State Makes It Illegal for Companies to Demand Workers’ Social Media Logins [infographic]
In Washington State, employees no longer have to worry about the boss asking for access to their social networks. Now, locking down your profiles to prevent prying eyes should keep the people who matter from seeing something that could get you canned.
(Photo Credit: Tom Hilton/Flickr)
Not that there should be incriminating or inappropriate content on your profiles anyway (right?!), but if there is anything, then rest assured that the state of Washington protects its residences from the prying and judging eyes of their employers. In other words, the new bill makes it illegal for employers to request your social media login credentials, to force you to “friend” them, or demand a peek while you’re scrolling through your news feeds. However, employers can still take a look if there is a legitimate reason to search an employee’s profiles to “protect proprietary information or trade secrets, to comply with federal financial regulations, or to prevent the employer from being exposed to legal liabilities.” (National Conference of State Legislatures site.)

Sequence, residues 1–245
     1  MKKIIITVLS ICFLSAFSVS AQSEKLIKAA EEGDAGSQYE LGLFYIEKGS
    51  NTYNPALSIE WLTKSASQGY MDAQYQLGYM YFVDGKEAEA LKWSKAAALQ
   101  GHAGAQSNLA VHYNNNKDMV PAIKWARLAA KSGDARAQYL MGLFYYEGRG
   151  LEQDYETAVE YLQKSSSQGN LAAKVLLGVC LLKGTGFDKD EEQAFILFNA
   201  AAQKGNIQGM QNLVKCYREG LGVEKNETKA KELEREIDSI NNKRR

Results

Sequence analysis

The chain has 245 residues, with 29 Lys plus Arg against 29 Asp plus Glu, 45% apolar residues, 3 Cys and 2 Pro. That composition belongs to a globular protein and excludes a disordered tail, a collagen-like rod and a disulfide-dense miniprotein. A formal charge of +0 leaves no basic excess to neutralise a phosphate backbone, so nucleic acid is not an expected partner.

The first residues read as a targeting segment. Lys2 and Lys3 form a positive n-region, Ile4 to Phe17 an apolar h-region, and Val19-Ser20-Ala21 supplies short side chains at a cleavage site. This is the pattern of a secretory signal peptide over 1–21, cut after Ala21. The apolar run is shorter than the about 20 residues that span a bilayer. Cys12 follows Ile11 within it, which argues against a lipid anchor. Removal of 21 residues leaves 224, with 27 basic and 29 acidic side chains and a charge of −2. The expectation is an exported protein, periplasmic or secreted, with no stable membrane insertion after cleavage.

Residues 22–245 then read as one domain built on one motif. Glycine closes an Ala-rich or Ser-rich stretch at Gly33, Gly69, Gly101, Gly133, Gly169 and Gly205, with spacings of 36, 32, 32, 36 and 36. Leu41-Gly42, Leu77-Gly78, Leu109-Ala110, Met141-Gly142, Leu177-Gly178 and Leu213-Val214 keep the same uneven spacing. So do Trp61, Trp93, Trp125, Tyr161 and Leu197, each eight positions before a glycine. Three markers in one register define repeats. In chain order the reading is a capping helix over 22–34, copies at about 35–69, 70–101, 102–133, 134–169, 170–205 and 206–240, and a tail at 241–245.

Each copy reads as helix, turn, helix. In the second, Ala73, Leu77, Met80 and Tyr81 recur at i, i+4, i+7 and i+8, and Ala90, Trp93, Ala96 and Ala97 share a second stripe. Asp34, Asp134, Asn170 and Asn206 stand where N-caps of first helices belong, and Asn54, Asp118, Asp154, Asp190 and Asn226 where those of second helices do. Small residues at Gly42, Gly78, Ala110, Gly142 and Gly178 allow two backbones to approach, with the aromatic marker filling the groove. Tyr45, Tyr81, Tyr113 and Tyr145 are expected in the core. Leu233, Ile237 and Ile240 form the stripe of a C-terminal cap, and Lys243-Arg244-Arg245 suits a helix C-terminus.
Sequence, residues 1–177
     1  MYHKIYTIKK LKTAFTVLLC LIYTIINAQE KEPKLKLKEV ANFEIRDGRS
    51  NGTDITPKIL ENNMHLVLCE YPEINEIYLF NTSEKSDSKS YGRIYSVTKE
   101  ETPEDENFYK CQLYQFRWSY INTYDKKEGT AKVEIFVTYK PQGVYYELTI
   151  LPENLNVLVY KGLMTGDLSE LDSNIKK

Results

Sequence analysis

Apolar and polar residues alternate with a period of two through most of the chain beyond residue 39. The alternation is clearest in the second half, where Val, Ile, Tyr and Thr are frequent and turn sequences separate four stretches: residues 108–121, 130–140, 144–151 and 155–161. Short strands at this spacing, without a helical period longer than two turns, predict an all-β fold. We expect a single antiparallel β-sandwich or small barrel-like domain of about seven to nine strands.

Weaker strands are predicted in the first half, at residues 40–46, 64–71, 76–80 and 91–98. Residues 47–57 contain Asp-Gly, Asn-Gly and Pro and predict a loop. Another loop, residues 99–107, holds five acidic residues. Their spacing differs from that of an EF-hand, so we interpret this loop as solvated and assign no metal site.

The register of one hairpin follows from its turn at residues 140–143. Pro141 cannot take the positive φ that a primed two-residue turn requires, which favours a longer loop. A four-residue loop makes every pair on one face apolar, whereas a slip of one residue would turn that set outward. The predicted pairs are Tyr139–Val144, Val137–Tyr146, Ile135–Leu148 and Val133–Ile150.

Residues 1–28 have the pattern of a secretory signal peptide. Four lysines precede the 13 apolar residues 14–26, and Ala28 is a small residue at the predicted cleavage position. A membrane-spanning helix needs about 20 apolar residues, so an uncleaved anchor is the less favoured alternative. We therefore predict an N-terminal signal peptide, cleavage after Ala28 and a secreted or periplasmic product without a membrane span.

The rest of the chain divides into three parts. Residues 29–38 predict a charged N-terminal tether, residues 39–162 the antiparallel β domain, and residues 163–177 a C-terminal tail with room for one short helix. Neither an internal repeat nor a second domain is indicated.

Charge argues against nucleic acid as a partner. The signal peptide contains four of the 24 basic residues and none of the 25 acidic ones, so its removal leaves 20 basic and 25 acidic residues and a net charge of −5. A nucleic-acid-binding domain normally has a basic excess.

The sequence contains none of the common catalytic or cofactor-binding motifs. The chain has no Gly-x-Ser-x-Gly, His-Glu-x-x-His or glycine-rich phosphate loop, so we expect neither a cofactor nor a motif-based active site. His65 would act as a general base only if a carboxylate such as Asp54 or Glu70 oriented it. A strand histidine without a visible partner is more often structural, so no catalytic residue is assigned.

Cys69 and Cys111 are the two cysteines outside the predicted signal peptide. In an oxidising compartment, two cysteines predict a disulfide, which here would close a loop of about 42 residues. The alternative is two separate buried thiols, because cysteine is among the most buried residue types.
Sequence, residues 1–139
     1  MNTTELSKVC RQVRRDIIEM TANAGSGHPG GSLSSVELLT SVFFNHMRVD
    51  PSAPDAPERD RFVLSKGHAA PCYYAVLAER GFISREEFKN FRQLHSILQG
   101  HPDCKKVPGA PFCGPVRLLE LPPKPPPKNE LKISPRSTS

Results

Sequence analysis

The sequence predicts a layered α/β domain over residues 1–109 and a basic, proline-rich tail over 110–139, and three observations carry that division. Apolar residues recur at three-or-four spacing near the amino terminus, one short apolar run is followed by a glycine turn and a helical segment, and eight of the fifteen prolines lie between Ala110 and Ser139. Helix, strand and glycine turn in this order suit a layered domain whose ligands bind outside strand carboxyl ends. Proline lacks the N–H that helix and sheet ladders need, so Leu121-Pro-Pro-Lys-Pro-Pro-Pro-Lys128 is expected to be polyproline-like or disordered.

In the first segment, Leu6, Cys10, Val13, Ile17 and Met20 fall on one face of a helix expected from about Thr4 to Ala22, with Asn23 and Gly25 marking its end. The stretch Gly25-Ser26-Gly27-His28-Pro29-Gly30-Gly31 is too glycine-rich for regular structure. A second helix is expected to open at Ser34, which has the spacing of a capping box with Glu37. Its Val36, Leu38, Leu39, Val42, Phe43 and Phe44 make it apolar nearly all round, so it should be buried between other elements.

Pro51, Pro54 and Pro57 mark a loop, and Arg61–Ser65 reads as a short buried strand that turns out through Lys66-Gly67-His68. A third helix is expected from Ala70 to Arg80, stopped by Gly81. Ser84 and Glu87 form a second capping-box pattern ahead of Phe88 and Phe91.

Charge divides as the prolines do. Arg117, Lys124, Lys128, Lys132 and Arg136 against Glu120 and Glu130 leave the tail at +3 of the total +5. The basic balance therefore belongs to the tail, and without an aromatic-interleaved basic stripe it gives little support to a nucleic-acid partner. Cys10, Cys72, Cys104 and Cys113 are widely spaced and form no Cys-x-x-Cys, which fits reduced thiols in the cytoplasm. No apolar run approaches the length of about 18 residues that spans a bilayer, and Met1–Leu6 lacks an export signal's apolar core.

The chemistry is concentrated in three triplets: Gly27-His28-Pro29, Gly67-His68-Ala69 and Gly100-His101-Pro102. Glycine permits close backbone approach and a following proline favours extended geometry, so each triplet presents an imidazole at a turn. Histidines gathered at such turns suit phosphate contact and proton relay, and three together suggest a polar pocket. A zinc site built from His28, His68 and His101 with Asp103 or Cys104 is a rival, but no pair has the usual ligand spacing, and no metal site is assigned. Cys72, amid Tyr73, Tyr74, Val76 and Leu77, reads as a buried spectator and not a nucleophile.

To further support the bill, GeekWire recently conducted a poll and found that 96 percent of people were in favor of the law being passed to protect their online privacy, making it crystal clear that the general public is adamant about keeping employers out of their personal business.
Backgroundcheck.org‘s infographic provides an all-encompassing synopsis of the entire debate and what it means for professionals.
Tell Us What You Think
Would you hand over your social media logins to a current or potential employer? Share your thoughts on Twitter or in the comments section below.
Leah Arnold-Smeets, owner of Emiko Consulting, is passionate about helping entrepreneurs capitalize on their strengths, improve on their weaknesses, and reach their full potential. Leah obtained her Bachelor of Science in Business Administration & Entrepreneurial Studies from the University of Southern California (USC).